THE UK government has announced changes to planning policy in England that it says will allow onshore wind projects supported by locals to be approved more quickly. While some have welcomed the changes for lifting a de facto ban on onshore projects introduced in 2015, industry and experts don’t believe the tweaks will have much effect.
This came as the UK’s Energy Bill, also known as the Energy Security Bill, returned to parliament. Designed to boost long-term energy independence, security, and prosperity within the UK, the bill was introduced to parliament last July.
As the planning policy changes were announced, Claire Coutinho, secretary of state for energy security and net zero, said: “The Energy Bill is the most significant piece of energy legislation in a generation and will help us provide a cleaner, cheaper and more secure energy system for the UK.”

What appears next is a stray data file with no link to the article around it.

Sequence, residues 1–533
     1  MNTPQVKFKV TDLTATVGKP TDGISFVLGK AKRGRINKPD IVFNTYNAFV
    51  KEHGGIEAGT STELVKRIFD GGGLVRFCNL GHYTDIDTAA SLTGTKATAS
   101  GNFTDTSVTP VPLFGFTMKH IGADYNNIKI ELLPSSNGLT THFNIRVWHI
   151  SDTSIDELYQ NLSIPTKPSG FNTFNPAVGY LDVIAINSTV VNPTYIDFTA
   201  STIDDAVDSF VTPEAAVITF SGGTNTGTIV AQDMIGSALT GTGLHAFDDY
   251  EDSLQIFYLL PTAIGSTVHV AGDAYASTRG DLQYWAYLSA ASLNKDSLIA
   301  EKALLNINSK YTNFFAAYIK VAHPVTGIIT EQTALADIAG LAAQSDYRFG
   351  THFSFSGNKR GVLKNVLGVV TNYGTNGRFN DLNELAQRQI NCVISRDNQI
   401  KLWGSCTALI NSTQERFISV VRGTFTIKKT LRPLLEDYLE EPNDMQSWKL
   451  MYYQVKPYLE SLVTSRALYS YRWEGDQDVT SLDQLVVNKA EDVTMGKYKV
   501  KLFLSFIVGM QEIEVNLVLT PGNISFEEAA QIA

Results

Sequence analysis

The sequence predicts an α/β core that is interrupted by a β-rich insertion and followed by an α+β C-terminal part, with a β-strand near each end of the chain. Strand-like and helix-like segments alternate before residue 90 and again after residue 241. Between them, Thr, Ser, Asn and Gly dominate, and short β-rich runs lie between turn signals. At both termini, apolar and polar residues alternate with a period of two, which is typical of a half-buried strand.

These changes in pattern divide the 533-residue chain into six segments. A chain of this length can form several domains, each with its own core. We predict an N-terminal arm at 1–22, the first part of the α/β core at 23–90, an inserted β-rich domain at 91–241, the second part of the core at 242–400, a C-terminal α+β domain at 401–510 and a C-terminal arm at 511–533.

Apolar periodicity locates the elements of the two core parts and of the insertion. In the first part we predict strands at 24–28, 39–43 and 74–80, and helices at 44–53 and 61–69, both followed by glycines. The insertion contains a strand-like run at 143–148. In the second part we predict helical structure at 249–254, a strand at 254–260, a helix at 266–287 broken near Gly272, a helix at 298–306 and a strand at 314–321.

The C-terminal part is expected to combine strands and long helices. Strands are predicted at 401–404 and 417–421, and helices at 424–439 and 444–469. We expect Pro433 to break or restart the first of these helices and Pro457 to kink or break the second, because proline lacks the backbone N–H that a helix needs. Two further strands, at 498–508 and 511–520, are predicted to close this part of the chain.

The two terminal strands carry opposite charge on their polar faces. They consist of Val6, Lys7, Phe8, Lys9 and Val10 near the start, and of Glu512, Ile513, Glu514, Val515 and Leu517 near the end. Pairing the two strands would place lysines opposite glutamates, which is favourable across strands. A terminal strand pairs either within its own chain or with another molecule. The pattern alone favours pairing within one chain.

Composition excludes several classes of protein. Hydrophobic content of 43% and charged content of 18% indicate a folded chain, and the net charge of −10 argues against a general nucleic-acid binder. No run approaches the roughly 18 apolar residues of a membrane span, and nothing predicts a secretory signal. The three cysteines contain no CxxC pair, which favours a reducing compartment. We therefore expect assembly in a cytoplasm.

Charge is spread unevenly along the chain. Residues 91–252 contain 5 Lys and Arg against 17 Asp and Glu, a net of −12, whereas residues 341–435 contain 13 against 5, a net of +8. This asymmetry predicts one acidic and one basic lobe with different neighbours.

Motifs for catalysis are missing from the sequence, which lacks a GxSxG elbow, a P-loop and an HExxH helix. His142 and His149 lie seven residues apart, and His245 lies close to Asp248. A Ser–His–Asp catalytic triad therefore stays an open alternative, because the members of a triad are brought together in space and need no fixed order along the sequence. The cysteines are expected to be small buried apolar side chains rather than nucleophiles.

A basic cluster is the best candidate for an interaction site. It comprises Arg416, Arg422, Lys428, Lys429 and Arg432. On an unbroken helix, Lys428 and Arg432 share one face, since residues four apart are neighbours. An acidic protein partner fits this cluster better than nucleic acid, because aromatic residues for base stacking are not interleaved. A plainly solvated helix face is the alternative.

She said renewables are a crucial part of the energy transition and noted that the UK is already home to four of the world’s largest offshore windfarms. “Onshore wind also has a key role to play, and these changes will help speed up the delivery of projects where local communities want them,” she added.
Michael Gove, secretary of state for levelling up, housing, and communities, said the changes “will help build on Britain’s enormous success as a global leader in offshore wind, helping us on our journey to net zero”.
The UK government said that renewable energies fuelled 42% of UK electricity generation in 2022, up from 7% in 2010. However, it noted it needs to “go further and faster to generate the clean and renewable energy the country needs”. The government said the changes to the National Planning Policy Framework build on the progress already made to expand renewables which has seen more than £120bn (US$149.8bn) investment since 2010, kickstarting new industries like floating offshore wind and tidal power.